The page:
Bruton v IC and The Duchy of Cornwall & The Attorney General to HRH the Prince of Wales (EA/2010/0182) 3 November 2011. This significant decision of the First Tier Tribunal (FTT) is well described on 11 KBW’s Panopticon blog. So just a few thoughts on a case which has the hallmarks of going to appeal.
The underlying question was whether the Duchy of Cornwall had to answer Michael Bruton’s requests for information about the Duchy’s oyster farm, and in particular whether the farm had undergone environmental assessment before it commenced operation. Bruton’s concerns were that the Duchy’s oysters were non-native Pacific oysters, and he wanted to know whether the Duchy had considered whether the establishment of such a fishery affected existing oysters or had other effects upon the environment. In many regards, the case is round 2 of a battle started by Bruton in 2009 challenging the original grant of a licence by the Duchy to the oyster fisherman: see the 2009 decision by Burton J granting permission for this challenge. In the present case, the Information Commissioner said that the Duchy was not obliged to provide the information. The FTT disagreed.
The decision turned on whether the Duchy of Cornwall was a “public authority” within the Environmental Information Regulations 2004, and in particular whether it carried out “functions of public administration”. The issue was a classic public/private one. The main task of the Duchy was to provide an income to the heir to the throne – tick, private. But somewhere en route (since the Duchy’s creation in 1337 (sic)), it had gained rather specific public responsibilities: so, it had become the Statutory Harbour Authority for the Isles of Scilly, and this carried with it certain obligations under the EU Habitats Directive and in respect of merchant shipping, pilotage, and pollution – the sorts of things you do if you run a harbour – so, tick public.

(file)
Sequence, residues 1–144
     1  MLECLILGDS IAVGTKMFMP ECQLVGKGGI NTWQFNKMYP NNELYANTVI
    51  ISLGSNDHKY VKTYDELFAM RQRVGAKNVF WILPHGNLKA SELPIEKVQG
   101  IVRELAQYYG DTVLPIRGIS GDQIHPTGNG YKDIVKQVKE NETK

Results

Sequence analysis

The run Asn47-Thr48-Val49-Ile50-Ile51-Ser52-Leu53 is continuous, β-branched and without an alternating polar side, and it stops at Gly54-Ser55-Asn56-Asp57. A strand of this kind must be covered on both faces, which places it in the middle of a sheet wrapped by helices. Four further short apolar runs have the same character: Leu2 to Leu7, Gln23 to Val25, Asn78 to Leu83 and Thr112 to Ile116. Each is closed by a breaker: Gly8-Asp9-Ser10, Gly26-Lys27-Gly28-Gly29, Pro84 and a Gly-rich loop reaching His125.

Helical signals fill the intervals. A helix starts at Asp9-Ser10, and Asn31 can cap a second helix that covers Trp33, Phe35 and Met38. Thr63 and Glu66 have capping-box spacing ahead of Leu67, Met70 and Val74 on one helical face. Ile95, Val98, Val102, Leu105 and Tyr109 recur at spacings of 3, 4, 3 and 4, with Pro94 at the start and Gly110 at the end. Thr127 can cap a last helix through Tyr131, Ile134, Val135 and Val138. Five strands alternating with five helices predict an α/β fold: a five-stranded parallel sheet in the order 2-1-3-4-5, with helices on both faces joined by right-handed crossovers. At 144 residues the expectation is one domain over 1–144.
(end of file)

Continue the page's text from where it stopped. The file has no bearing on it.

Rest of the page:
Hence, we were firmly in the territory of the Smartsource decision last year (see my Ibsenian post), in which the Upper Tribunal decided that water/sewerage companies were not public authorities within the EIRs. In the current case, the FTT came to a different view. Smartsource had asked the question whether the public functions of the water companies were “ancillary” or “secondary” to their private functions as suppliers of water and removers of sewage. If so, as it decided, those public functions did not mean that the companies were carrying out functions of public administration. Applying this test, the FTT said that the Duchy’s public responsibilities were nothing to do with providing the heir to the throne with a sufficient income, and hence they had a life of their own – they were not “ancillary”. Hence, they were an important pointer towards the Duchy being indeed a public authority carrying out functions of public administration.
The FTT helpfully set out the various factors bearing on this question in its 
Taking each in turn: